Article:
Questions & Answers

Q. I am about to set up my aquarium with natural plants. Why should I add Pure Laterite to the gravel, and should I feed the plants?

A. The Pure Laterite is a convenient packaged form of the rich substrate that is found in natural tropical streams where the plants thrive. The rooting systems of the plants will search out this clay-like medium to embed into, giving the plant firm root-hold and a healthy system to absorb further nutrition. The plants need feeding just as the fish do, and those that are left to scratch an existence from what is available as a natural product of the fish’s metabolism will suffer deprivation. The addition of some form of fertiliser will greatly enhance the growth potential of the plants.

Q. Which plants can I use for the back of my aquarium?

A. You will need to select something that will grow tall enough to give an attractive background to the aquascape. Such species as “Eel grass” Vallisneria spirallis, “Green cabomba” Cabomba caroliniana, and “Giant hygrophila” Nomaphila stricta, might be considered.

Q. What foreground plants can I use?

A. The true dwarf foreground plants are not so easily obtained from non-specialist dealers, but look out for Some of the lower growing Cryptos (Cryptocoryne species), Pygmy chain sword plant (Echinodorus tenellus), Hair grass (Eleocharis species), and similarly low-growing species for this purpose.

Q. I have been told I can attach certain plants to pieces of bogwood or rocks. Which ones are these?

A. The species usually used for this kind of growing are Anubias and Java fern.

Q. I have seen some beautiful variegated and red coloured plants, but I was told they are not truly aquatic plants. So why are they being sold for aquariums?

A. It is true that these are not water plants but they can sometimes last for quite a long time underwater before they have to be removed and discarded. It is a bit like having certain plants in your garden that have a certain flowering time and make the garden very attractive during that time. But once they have finished flowing the plants are pulled up and composted or disposed of, and something else is planted to take their place. (If the plants are removed from the aquarium in time enough before they have deteriorated too far they may be potted up and re-grown on a kitchen windowsill or in the greenhouse, ready for another later use again in the aquarium).

Q. What species of plants can I use in my coldwater aquarium?

A. If the unheated aquarium is never likely to be exposed to temperatures cooler than about 65 degrees F then there are few barriers to what you can keep from the general selection of aquarium plants, whether considered coldwater or tropical. But if the aquarium is situated where it might fall to lower temperature values then more thought should be given as to what might be chosen. “Elodea” (Egeria densa) is a top favourite, and the rootless “Hornwort” (Ceratophylum demersum) is another excellent coldwater species. “Eel grass” (Vallisneria spirallis) will also tolerate low temperatures quite well, but will often lose its original leaves progressively as the hardier new leaves grow out to replace them.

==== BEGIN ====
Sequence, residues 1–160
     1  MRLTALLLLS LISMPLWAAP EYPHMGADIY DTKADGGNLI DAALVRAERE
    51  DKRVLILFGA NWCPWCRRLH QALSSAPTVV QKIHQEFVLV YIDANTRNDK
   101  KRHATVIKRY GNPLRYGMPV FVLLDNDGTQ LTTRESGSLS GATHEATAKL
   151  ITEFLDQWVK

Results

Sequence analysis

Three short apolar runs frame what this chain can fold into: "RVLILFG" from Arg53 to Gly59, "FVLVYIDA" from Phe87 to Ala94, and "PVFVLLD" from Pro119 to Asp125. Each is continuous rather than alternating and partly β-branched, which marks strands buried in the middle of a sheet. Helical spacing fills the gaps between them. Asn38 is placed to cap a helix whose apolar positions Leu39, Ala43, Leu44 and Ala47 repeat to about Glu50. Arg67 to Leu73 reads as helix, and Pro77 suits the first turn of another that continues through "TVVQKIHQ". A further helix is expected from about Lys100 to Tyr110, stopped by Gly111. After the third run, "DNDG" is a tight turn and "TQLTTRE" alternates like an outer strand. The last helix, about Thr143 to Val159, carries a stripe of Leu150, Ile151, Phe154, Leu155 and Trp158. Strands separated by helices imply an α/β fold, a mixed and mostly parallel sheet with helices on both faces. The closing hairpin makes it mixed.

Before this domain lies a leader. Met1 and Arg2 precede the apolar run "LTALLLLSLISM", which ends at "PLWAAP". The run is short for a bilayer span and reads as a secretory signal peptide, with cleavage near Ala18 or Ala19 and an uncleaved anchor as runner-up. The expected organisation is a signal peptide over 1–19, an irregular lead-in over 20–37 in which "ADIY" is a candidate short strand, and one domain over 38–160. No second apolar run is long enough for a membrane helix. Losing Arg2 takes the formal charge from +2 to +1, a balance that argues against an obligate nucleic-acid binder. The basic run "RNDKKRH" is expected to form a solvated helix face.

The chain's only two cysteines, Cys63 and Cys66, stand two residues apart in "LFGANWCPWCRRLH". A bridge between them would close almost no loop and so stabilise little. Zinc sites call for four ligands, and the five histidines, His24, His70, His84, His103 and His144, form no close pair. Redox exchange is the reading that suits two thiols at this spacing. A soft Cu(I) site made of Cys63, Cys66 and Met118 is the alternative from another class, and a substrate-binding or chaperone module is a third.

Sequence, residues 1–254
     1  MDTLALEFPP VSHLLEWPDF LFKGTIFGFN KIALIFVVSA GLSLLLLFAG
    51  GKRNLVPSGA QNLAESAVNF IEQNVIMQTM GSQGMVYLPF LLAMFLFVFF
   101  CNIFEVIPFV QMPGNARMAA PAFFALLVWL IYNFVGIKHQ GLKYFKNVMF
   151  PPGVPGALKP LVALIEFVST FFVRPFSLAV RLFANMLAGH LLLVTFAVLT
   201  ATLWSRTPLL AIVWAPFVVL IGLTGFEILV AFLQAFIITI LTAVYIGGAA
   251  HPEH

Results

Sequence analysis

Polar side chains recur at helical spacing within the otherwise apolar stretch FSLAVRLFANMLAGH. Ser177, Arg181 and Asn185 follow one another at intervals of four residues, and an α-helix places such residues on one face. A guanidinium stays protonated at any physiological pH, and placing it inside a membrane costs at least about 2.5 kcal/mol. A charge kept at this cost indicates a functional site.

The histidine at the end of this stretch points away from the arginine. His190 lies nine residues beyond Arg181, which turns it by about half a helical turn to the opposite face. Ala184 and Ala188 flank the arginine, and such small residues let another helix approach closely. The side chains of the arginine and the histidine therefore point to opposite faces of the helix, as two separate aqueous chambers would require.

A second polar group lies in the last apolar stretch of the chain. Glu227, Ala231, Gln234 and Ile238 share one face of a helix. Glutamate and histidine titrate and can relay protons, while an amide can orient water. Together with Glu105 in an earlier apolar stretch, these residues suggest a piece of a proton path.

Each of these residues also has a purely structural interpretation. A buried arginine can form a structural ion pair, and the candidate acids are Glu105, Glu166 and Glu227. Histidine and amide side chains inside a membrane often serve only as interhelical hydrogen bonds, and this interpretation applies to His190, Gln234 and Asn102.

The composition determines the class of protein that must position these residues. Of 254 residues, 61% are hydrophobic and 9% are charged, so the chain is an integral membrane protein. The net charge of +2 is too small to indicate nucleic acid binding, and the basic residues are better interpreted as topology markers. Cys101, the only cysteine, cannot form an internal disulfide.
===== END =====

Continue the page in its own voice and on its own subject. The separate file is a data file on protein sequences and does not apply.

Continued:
Q. Why am I unable to buy plants for my brackish water aquarium?

A. Most plant life will not tolerate the salt content of the brackish water, although sometimes you can but the mangrove shoots for this purpose. But as it is only the root and stem seen below water this is not much good for the aquarium. Best stick with good quality replica plastic plants for this use.

Q. What kind of lighting should I use for my planted aquarium, and how long should I leave them on for?

A. Check the spectrums available that have been developed for this purpose. But in general if you choose to use a good bright fluorescent lighting with the fish viewing in mind, your plants will usually do well in the conditions provided. But bear in mind that the fall-off in light intensity is quite rapid as the light penetrates the depth of the aquarium water. There are other options from different light forms other than fluorescent, and some of these are preferred for plant growth if that is your priority. The length of time you have the lighting on for will vary according to how much ambient light the aquarium receives, what species of plant you are keeping, and other minor factors. But as a guide try to aim for what would be the natural tropics daylight duration, and that is about 12 hours.

Q. My plants have an unsightly green slime and fungus-like growth on them. Why is this and what can I do to remedy this?

A. You have one of the biggest problems that can ruin a beautiful aquascape – Algae growth. There are various ways to combat algae, from electronic devices to simple natural product extracts, and a host of algicides in between. But wherever possible it is best to avoid the algaes getting established in the first place. Keeping at least one algae-eating fish in the community will often be sufficient to prevent its appearance completely. Good healthy plant growth will usually compete with the algae and starve it of the sort of conditions it thrives in. Where the aquarium has been allowed to become infested with the algae it will usually be necessary to strip everything down to remove it, then re-set the aquarium and add the algae eating fish to hopefully swat any odd bit of growth that might re-appear.

Q. Why have I been told that putting floating plants on my aquarium is not a good idea?

A. Assuming you have an all-over lighting cover on top of your aquarium the heat would scorch up any plants floating on the surface so close to the lighting. But there is the further consideration that any floating plant will reduce the amount of light penetrating down to the bottom of the tank.